The Gender Gap and College

In June of 2016, I attended a Moving Up Ceremony at my son's local K-8 parochial school. The spectacle is truly magnificent. Hundreds of children, sitting in their assigned church pews by grade level, prepare to move from one area of the church to another. The ritual is a symbolic and physical act of their success and a mental preparation for the upcoming year when they will forge ahead to new and exciting possibilities. One by one each grade level is called, stands up, and moves to their newly assigned seats; receiving applause from the entire student body, faculty, staff, parents, and grandparents. The Moving Up Ceremony is also a time to reward students for their hard work. Students receive academic awards and one of the highlights of the ceremony, the Love of Learning Award. It’s not the same as the academic awards conferred to students in higher grades. The Love of Learning Award is based on a child’s enthusiasm to learn and not academic success. One child from each grade level receives this award. A child’s name is called and the child is recognized at the altar of the church for this achievement with the other recipients. By the time the last recipient was called, it was clear that girls loved to learn and boys did not love to learn. The altar was a sea of girls. The boys stared on.  The Love of Learning is a feel good award. One where a boy and girl from each class can easily be identified.  It was clear teachers did not confer with each other or no-one picked up on the obvious visual.  When I brought this to the principle’s attention, she had already recognized the importance of this moment before the words barely left my mouth.  Understood there is easily a boy and a girl in each grade level who loves to learn. She knows messaging and symbolism are powerful tools. 

The episode is not an indictment of the teachers' lack of love for boys, but a product of an unconscious discourse shaping schools across the country as national educational initiatives easily overlook boys.  

The Gender Gap and College by Sean Kullman

The rise of women’s education in the United States may be the most unprecedented in history according to data from the National Center for Educational Statistics (NCES). Women are earning more degrees at every level of the academic ladder than at any time in history and they have been for several decades. At no point has one gender outpaced the other by so significant a number in higher education in the United States.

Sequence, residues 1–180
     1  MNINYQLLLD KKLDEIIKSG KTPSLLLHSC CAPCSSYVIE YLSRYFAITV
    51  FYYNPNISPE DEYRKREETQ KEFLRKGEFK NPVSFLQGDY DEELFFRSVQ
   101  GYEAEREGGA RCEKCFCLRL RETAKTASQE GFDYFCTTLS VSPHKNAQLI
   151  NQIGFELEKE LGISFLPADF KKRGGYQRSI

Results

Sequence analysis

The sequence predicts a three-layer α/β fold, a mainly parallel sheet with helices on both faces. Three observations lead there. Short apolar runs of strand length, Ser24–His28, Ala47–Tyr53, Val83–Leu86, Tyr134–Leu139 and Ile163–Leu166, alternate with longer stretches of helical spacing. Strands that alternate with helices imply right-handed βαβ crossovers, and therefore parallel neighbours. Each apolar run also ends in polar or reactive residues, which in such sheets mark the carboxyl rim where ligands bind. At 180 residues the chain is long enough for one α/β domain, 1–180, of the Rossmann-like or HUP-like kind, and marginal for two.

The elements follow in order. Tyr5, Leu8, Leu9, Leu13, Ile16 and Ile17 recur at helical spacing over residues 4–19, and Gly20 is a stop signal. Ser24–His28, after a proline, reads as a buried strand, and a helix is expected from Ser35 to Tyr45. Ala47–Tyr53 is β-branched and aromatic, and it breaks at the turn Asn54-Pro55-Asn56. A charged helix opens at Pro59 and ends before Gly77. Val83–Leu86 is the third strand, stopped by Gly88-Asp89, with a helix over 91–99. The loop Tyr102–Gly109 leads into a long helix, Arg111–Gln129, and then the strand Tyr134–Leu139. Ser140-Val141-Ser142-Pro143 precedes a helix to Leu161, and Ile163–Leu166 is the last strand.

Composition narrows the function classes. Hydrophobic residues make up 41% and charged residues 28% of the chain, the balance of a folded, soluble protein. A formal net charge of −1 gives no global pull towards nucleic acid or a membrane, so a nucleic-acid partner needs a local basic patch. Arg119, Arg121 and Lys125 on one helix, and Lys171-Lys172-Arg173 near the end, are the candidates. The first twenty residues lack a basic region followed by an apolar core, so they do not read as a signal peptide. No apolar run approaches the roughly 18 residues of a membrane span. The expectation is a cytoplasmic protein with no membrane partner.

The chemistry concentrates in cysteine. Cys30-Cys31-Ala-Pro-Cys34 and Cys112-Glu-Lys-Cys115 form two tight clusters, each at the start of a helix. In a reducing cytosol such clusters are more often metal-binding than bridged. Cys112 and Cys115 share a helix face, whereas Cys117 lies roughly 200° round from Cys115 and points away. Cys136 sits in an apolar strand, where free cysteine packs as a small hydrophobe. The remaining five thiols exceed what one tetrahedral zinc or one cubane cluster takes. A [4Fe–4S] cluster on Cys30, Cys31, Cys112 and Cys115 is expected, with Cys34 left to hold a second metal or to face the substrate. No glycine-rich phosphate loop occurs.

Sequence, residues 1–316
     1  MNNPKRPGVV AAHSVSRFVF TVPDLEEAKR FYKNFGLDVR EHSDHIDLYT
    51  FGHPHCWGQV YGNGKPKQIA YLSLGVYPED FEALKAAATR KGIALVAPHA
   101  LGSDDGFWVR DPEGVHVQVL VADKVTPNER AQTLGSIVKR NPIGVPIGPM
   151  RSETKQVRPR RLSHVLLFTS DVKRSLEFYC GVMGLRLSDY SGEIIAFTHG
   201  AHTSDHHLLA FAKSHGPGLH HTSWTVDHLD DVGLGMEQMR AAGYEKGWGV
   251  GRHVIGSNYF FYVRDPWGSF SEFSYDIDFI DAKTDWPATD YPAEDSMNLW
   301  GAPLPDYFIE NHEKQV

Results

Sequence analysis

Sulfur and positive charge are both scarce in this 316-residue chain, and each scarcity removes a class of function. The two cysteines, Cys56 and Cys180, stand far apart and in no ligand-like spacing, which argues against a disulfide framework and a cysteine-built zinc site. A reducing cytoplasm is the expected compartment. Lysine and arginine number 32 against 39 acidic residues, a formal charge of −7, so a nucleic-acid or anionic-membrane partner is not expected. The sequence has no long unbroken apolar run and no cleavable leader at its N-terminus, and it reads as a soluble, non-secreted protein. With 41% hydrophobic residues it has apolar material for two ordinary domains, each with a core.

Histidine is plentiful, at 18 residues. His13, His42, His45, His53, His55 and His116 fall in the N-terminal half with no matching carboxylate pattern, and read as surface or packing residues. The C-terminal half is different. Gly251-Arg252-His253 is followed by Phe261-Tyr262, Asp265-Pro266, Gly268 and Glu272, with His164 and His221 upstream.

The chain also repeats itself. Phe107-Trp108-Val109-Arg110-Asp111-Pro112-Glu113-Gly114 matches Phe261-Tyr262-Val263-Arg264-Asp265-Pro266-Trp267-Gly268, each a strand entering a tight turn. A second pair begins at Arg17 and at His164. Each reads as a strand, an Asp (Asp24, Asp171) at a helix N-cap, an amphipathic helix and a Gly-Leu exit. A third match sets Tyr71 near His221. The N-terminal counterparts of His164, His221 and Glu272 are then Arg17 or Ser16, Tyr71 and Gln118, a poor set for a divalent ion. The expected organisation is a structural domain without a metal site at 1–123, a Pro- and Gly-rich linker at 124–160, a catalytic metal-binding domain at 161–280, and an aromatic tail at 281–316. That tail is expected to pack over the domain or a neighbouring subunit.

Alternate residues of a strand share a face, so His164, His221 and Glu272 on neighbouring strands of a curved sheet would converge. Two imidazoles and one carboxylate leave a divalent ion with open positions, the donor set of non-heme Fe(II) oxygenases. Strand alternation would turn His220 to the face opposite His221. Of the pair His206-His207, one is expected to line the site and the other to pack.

Since 2000, women have accounted for 9,715,826 more conferred degrees than men even though men slightly outnumber women at ages when people are most likely to attend college [1]. According to NCES women accounted for 660,000 more degrees than men in the 2016-17 academic year alone.  This data includes earned associate, bachelor, master, and doctoral degrees, and women earn more degrees than men in all four categories; associate (62%); bachelor (57%); master (60%); and doctoral (52%). Although percentages provide an overview of the college gender-gap, true numbers provide something more telling.  

Bachelor degrees remain the most commonly earned college degree.  When singling out undergraduate programs, the results are equally telling. Since 2003, women have outnumbered men in undergraduate fall enrollment in degree-granting postsecondary institutions by 2 million or more each year.  From 1988 to 2002, women outnumbered men by 1 to 1.8 million each year (NCES Table 303.70).

Those attendance numbers have translated into more bachelor’s degrees as well.  Women have earned over 200,000 to 280,000 more bachelor’s degrees than men every year since 2002 (NCES Table 380.10).  

There has only been one time in U.S. history when men outpaced women by more than 200,000 bachelor’s degrees. In 1950, men earned 225,624 more Bachelor’s degrees than women. One possible suggestion and the most likely was the end of World War II.  The need to build a new nation and a new world was thrust upon the United States.  The nation responded by introducing the G.I. Bill in 1944; rewarding, with college and career options, those who had risked their lives.

After the WWII education surge, the number of men earning bachelor’s degrees decreased by 1960, but men still earned over 100,000 more degrees than women. A second surge happened in the 1960s and 1970s for beneficiaries of the Korean and Vietnam Wars as well as those looking to defer their military service in Vietnam. Men, military, and college have a structurally shared history.

In their 2018 book, The Boy Crisis, Dr. Warren Farrell and Dr. John Gray mention the use of “social bribes and male disposability” as a common theme in our culture.  The observation offers a plausible reason for spikes in college degrees by men closely linked to an era that saw three wars over four decades.  Military service provided men and women with college opportunities, yet it was never a prerequisite in the way it was for men.  

The Civil Rights movements of the 1960s and 1970s provided women with more opportunities and women responded by earning more college degrees. Supporting women’s college careers began and remains rooted in social movements centered around social-justice discourse and policy actions such as Title IX, PELL Grants, the Higher Education Act, and scholarship options.